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Steve Bannon out at White House -- live updates

Bannon out of WH
How it all went wrong in the White House for Steve Bannon 02:44

Steve Bannon is out as White House chief strategist, and returning to Breitbart News. 

"White House Chief of Staff John Kelly and Steve Bannon have mutually agreed today would be Steve's last day," White House Press Secretary Sarah Huckabee Sanders said in a Friday statement. "We are grateful for his service and wish him the best."

He has returned to Breitbart News, where he was formerly the chairman, according to the publication. And Bannon told Bloomberg News he's "going to war" for his old boss, the commander-in-chief. 

"If there's any confusion out there, let me clear it up: I'm leaving the White House and going to war for Trump against his opponents -- on Capitol Hill, in the media, and in corporate America," Bannon told the outlet. 

Mr. Trump and senior officials at the White House have been debating when to get rid of Bannon and how, the New York Times said, according to two administration officials. A person close to Bannon said him leaving was his idea, that report said, and that he had actually submitted his resignation to Mr. Trump on Aug. 7. The report added that his departure was supposed to be revealed publicly at the beginning of the week, but the events in Charlottesville, Virginia, forced the White House to hold off.

The announcement comes days after sources told CBS News that chief strategist's job was in serious jeopardy.

But Bannon's confidence in the presidency seems to be lost, according to an interview he gave the Weekly Standard on Friday.

"The Trump presidency that we fought for, and won, is over," Bannon told the Weekly Standard. "We still have a huge movement, and we will make something of this Trump presidency. But that presidency is over. It'll be something else. And there'll be all kinds of fights, and there'll be good days and bad days, but that presidency is over."

How it all went wrong in the White House for Steve Bannon 02:44

At his press conference at Trump Tower earlier this week, Mr. Trump was asked if he has confidence in Bannon.

"Well, we'll see… Look, look, I like Mr. Bannon," Mr. Trump said. "He is a friend of mine. Mr. Bannon came on very late. You know that. I went through 17 senators, governors and I won all the primaries. Mr. Bannon came on very much later than that. And I like him. He is a good man. He is not a racist. I can tell you that. He is a good person. He actually gets a very unfair press in that regard. We'll see what happens with Mr. Bannon. He is a good person and I think the press treats him frankly very unfairly."

Bannon is the latest senior official to exit the White House, as the president's rhetoric draws bipartisan criticism and his approval ratings decline. 

Last month, Reince Priebus left his post as chief of staff, and Sean Spicer departed his job as press secretary. Priebus was replaced by Department of Homeland Security Secretary John Kelly, and Sarah Huckabee Sanders replaced Spicer. On Kelly's first day on the job, Anthony Scaramucci, who was the communications director for one week, also departed.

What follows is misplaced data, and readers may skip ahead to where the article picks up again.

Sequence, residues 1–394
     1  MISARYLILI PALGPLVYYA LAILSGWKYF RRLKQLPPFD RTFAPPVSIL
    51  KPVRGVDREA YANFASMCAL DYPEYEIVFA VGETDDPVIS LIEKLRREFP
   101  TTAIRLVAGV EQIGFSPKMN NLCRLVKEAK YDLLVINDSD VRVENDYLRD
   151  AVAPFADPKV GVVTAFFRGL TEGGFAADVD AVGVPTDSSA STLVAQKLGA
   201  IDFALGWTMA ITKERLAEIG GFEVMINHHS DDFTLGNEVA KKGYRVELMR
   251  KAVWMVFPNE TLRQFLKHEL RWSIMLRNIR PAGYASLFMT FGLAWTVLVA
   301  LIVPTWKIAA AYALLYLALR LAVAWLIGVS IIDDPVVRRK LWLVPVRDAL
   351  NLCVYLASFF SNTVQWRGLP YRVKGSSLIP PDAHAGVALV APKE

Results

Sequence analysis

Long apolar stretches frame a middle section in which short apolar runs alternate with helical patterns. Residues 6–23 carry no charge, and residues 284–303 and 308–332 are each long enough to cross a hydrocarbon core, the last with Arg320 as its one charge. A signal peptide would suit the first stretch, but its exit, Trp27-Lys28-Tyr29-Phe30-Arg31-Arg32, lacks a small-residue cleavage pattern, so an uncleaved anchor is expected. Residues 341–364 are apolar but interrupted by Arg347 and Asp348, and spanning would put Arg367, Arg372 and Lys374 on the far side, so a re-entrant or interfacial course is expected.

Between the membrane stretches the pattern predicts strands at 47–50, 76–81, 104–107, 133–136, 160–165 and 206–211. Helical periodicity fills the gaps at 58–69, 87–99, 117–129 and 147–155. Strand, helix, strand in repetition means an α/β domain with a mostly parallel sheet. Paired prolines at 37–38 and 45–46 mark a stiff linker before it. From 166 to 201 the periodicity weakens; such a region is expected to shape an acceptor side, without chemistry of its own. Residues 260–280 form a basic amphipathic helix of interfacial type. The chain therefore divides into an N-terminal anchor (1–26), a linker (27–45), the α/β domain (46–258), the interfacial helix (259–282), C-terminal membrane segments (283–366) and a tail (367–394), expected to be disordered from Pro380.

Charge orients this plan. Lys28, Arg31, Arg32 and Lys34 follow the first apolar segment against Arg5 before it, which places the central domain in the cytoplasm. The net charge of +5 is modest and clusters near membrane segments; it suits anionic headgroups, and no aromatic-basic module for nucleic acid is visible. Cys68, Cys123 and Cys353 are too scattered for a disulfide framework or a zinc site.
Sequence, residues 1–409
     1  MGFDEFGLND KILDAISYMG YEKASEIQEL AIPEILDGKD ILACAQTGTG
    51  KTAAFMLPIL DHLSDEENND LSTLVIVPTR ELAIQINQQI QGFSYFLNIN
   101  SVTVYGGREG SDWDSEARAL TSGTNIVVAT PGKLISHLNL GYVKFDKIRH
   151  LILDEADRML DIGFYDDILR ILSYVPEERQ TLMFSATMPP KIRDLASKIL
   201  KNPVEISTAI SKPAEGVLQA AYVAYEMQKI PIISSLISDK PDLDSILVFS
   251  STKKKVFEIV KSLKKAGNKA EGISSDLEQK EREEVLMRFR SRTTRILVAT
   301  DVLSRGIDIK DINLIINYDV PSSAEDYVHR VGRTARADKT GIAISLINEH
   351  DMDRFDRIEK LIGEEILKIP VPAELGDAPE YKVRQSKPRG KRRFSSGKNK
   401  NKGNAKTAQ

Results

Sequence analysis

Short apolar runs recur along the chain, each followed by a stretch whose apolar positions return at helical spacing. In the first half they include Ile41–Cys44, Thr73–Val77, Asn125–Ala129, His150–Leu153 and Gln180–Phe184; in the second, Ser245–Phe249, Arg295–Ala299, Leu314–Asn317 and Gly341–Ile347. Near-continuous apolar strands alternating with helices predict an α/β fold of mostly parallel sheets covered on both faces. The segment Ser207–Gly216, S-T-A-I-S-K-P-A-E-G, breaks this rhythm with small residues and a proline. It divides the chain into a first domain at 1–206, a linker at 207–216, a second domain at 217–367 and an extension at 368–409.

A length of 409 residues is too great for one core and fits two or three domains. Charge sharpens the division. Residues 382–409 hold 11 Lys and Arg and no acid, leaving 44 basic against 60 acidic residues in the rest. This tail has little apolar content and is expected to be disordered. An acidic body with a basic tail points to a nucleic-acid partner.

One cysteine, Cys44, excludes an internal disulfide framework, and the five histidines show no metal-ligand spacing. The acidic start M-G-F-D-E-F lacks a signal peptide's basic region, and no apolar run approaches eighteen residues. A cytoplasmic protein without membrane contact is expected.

Bannon represented a more nationalist and populist faction of the White House. 

Bannon lashed out at his rivals in the administration this week, telling progressive American Prospect writer Robert Kuttner about his plan to neutralize his opponents, including top officials and adviser to Mr. Trump 

"They're wetting themselves," he said of his adversaries in the administration who disagree with him on trade and economic policies.

Bannon also told the American Prospect he wants to create an outside group of trade hawks with factions from both the left and the right sides of the political spectrum. 

He also openly contradicted Mr. Trump's North Korea strategy. The president has been clear the U.S. is "locked and loaded" and ready to intervene against North Korea if necessary, but Bannon said a military option will never work on the Korean Peninsula. 

"Until somebody solves the part of the equation that shows me that 10 million people in Seoul don't die in the first 30 minutes from conventional weapons, I don't know what you're talking about, there's no military solution here, they got us," Bannon said. 

House Minority Leader Nancy Pelosi responded to Bannon's departure. 

"Steve Bannon's firing is welcome news, but it doesn't disguise where President Trump himself stands on white supremacists and the bigoted beliefs they advance," Pelosi said in a statement. 

"President Trump's growing record of repulsive statements is matched by his repulsive policies. Personnel changes are worthless so long as President Trump continues to advance policies that disgrace our cherished American values. The Trump administration must not only purge itself of the remaining white supremacists on staff, but abandon the bigoted ideology that clearly governs its decisions."

This is a developing story. Check here for live updates. 

CBS News' Rebecca Shabad and Kathryn Watson contributed to this report.

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